My Advice? Swing Away While the Sun Still Shines

Hall of Famer Rogers Hornsby once said, “People ask me what I do in winter when there’s no baseball. I’ll tell you what I do. I stare out the window and wait for spring.”

And here’s the rest.

  1. Brady

    Thanks, Eyeguy. Very touching. Hope to meet the young man on the other side of the corn field.

  2. Mike the Eyeguy

    When you get there, Brady, look for a red-headed guy wearing little round glasses way too low on his nose and an Atlanta Braves uniform.

    I wrote this before I read or watched “The Last Lecture,” but I guess it all sorta fits together.

  3. mmlace

    Wonderful post, Dr. Eyeguy!

    I LOVE reading your newspaper articles, thanks for sharing them w/us non-Huntsvillians!

    (One of my new friends at church has a fiance who lives down that way, and she will be moving to Huntsville when they get married next year.)

  4. Mike the Eyeguy

    You’re welcome. Consider yourself an honorary Huntsvillian.

    I think your friend will be pleased with what we have to offer here. If not at first, then later, since it tends to grown on you.

  5. Mike the Eyeguy

    The link to the column will eventually stop working, so here is the column in its entirety:

    Hall of Famer Rogers Hornsby once said, “People ask me what I do in winter when there’s no baseball. I’ll tell you what I do. I stare out the window and wait for spring.”

    Well, it’s May, and all across the Tennessee Valley, players of all shapes and sizes – some of them smaller than the bats they’ll attempt to swing – are heeding the umpire’s call to “Play ball!”

    Somewhere, Rogers Hornsby is smiling.

    We’re smiling too, although our family’s Little League days are long over. We filed those diamond memories away but replay them every now and then like a SportsCenter highlight reel. Da-da-duh! Da-da-duh!

    We remember the many hours spent with friends and neighbors at Fern Gully Park, watching our children learn the great American pastime and trying to create a little bit of common good in an unpredictable, topsy-turvy world. There were hits, catches, strikeouts and dropped balls, most of them lost in the sun which sets low and harsh over Redstone Arsenal on a late spring evening.

    And who can forget those hot dogs (burp!)? For several years, my wife managed the concession stand at “The Gully” and cooked dinner for several hundred people each evening. I developed quite a taste for those little gastronomical gems, the more mustard and relish, the better.

    Humphrey Bogart once said, “A hot dog at the ballgame beats roast beef at the Ritz.”

    Bogie, you’re preaching to the choir.

    Remember that movie “Field of Dreams”? Well, it’s true. I’ve seen it happen with my own eyes.

    Ten years ago this month in Roanoke, Va., a red-headed 10-year-old boy named Andrew stepped to the plate with two on and two out. He was our nephew, and he was born with hydrocephalus.

    Andrew had endured much, but he had taken the hand that was dealt him and played it for all it was worth. He loved his mom, pizza and the Atlanta Braves – and not necessarily in that order.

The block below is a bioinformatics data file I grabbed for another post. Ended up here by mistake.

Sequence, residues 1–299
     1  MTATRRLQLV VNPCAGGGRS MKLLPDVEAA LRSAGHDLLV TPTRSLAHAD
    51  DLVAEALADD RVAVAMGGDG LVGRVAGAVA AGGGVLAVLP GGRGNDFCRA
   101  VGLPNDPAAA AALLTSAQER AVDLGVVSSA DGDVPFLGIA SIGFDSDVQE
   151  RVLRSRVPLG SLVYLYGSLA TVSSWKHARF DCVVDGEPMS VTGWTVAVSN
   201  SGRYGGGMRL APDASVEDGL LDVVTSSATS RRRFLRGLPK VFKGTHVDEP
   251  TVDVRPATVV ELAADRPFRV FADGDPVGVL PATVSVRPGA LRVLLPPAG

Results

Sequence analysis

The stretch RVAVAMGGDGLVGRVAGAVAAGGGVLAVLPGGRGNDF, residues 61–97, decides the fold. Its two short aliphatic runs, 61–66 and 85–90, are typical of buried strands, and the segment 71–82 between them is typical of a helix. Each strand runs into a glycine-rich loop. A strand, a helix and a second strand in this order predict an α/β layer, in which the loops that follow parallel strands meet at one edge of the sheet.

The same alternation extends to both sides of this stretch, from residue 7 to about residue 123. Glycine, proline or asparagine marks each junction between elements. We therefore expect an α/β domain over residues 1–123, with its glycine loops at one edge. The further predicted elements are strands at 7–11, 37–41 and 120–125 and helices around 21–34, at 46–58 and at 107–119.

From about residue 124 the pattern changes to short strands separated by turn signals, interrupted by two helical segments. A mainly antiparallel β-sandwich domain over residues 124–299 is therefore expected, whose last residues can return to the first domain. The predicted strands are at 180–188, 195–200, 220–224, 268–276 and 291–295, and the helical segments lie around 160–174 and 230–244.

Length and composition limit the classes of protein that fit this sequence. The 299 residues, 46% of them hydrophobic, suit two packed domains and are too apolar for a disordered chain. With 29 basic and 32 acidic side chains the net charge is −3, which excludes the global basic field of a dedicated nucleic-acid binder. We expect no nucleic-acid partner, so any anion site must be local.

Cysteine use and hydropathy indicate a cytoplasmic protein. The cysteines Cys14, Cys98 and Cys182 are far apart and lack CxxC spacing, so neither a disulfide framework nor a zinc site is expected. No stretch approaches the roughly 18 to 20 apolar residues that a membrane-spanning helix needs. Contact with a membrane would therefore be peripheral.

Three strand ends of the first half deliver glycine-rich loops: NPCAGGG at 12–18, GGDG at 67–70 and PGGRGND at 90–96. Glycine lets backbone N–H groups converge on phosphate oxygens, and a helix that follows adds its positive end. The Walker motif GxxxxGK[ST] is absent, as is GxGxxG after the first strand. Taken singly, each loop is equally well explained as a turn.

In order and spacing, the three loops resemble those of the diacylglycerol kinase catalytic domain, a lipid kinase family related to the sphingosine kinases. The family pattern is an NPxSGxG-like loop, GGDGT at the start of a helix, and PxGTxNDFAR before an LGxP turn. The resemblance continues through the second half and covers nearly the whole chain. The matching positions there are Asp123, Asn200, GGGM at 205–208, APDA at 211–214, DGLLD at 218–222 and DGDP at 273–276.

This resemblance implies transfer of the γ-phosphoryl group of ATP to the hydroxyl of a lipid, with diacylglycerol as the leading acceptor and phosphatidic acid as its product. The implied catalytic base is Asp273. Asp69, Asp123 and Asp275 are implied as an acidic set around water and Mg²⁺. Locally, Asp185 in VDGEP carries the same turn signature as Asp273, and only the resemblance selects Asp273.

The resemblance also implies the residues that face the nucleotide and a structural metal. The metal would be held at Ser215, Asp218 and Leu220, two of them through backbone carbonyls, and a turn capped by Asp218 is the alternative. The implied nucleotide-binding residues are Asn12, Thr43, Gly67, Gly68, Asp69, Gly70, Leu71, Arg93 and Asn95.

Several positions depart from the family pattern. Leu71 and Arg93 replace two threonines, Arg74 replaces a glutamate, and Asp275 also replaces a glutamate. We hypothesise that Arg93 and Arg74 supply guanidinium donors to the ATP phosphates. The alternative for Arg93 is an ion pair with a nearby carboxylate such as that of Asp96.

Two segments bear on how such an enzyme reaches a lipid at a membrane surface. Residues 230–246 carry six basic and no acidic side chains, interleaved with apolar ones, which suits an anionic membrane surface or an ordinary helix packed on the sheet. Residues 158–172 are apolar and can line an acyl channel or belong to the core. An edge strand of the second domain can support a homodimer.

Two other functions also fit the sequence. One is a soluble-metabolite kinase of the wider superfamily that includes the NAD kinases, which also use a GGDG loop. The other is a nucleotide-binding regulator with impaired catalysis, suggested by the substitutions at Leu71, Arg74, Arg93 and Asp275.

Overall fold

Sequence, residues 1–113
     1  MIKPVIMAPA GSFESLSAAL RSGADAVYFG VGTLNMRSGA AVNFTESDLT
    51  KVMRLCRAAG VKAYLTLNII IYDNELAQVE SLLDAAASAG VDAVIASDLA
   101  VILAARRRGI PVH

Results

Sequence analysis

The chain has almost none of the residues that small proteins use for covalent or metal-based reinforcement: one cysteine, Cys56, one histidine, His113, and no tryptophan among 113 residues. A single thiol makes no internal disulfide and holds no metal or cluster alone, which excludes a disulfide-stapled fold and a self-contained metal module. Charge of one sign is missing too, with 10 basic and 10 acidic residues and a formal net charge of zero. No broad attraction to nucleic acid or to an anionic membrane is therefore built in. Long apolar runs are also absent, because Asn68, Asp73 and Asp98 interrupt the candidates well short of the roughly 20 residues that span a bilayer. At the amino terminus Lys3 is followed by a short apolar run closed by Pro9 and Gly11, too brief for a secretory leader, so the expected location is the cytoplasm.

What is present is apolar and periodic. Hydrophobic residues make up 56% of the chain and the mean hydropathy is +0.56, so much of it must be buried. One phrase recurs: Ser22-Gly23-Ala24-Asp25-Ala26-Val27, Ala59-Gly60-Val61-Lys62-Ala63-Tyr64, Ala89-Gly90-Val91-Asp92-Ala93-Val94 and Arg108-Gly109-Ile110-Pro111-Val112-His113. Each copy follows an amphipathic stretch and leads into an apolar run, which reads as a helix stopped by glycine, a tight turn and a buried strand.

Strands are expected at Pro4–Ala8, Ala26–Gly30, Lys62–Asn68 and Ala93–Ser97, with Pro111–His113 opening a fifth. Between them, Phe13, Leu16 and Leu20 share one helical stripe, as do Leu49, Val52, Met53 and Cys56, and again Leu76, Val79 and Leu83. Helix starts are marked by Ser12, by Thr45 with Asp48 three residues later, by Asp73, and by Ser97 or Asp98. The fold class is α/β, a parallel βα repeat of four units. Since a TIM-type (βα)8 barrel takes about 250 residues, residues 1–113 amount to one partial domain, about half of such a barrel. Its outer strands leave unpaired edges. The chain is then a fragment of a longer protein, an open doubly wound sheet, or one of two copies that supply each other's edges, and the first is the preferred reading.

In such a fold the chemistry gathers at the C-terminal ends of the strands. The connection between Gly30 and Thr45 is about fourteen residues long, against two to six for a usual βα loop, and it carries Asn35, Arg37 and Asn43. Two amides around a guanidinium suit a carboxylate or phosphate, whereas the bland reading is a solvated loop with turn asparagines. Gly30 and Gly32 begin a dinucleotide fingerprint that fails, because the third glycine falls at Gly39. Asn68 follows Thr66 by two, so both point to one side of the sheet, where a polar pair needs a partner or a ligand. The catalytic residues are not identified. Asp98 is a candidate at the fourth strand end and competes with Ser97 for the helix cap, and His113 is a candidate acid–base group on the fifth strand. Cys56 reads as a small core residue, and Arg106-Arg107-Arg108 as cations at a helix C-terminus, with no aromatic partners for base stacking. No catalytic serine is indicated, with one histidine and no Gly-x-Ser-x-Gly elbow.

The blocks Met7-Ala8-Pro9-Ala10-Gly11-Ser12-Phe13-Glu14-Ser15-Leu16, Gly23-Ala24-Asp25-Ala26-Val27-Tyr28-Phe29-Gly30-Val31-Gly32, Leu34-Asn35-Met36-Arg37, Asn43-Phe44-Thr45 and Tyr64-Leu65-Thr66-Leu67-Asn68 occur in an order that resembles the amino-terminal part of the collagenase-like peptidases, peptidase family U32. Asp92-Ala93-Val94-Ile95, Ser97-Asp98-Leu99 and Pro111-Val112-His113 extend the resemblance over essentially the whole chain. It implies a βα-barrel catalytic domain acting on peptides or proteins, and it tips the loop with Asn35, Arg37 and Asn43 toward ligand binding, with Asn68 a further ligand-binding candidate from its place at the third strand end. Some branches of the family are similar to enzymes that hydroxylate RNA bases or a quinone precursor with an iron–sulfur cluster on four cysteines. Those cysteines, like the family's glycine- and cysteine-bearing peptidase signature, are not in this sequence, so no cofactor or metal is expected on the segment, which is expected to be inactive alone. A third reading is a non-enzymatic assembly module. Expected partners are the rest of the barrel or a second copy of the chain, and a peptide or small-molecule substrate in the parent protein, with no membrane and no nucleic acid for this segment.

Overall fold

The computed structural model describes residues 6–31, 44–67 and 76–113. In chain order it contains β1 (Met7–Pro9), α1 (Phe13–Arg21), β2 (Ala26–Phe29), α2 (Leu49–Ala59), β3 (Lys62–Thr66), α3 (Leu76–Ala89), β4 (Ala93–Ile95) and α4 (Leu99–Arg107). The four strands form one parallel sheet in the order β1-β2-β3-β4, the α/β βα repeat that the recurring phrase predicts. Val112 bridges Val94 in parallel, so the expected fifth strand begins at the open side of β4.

He had already struck out twice that night, so when he took one called strike and then swung and missed for another, the opposing team began to relax. The shortstop stooped over and started to draw little circles in the dirt, and the center fielder reach down to pick a dandelion.

    But their coach saw something. I’m not sure exactly what it was. Maybe it was the glint of steely determination in Andrew’s eyes. Maybe it was the way he dug in a little deeper and guarded the plate, just like his hero Chipper Jones.

    Whatever it was, it was enough for him to suddenly shout to his team, “Hey, look alive out there! This guy’s ready. He’s gonna do something!”

    And in that moment before the air was filled with the crack of Andrew’s bat, all of us who stood by that field dared to dream.

    By the time the dandelion-picking center fielder returned the ball to the circle-drawing shortstop, Andrew had long since rounded third and was headed for home. He crossed over standing up.

    I’ll never forget the look of pure joy on that boy’s face. And I’ll never forget the sight of my oldest son, who was sitting on the bench with Andrew’s team, screaming “Run, Andrew, run!” and then hugging and high-fiving his cousin afterwards.

    You know what? It only takes one of those Roy Hobbs moments to fill up the life of a little boy. You carry a memory like that with you until the day you die.

    Seven months later, Andrew succumbed to complications of the hydrocephalus and was gone. Hundreds convened on New Year’s Day 1999 and mourned his death. But we celebrated that home run and the many other great feats of his meteoric life.

    I’ve heard some call baseball a great metaphor. I say it is a great teacher too.

    This is what it has taught me: That our days are short, and while the sun is still shining, we must all step to the plate, be ready to “do something” and like Andrew – swing away.

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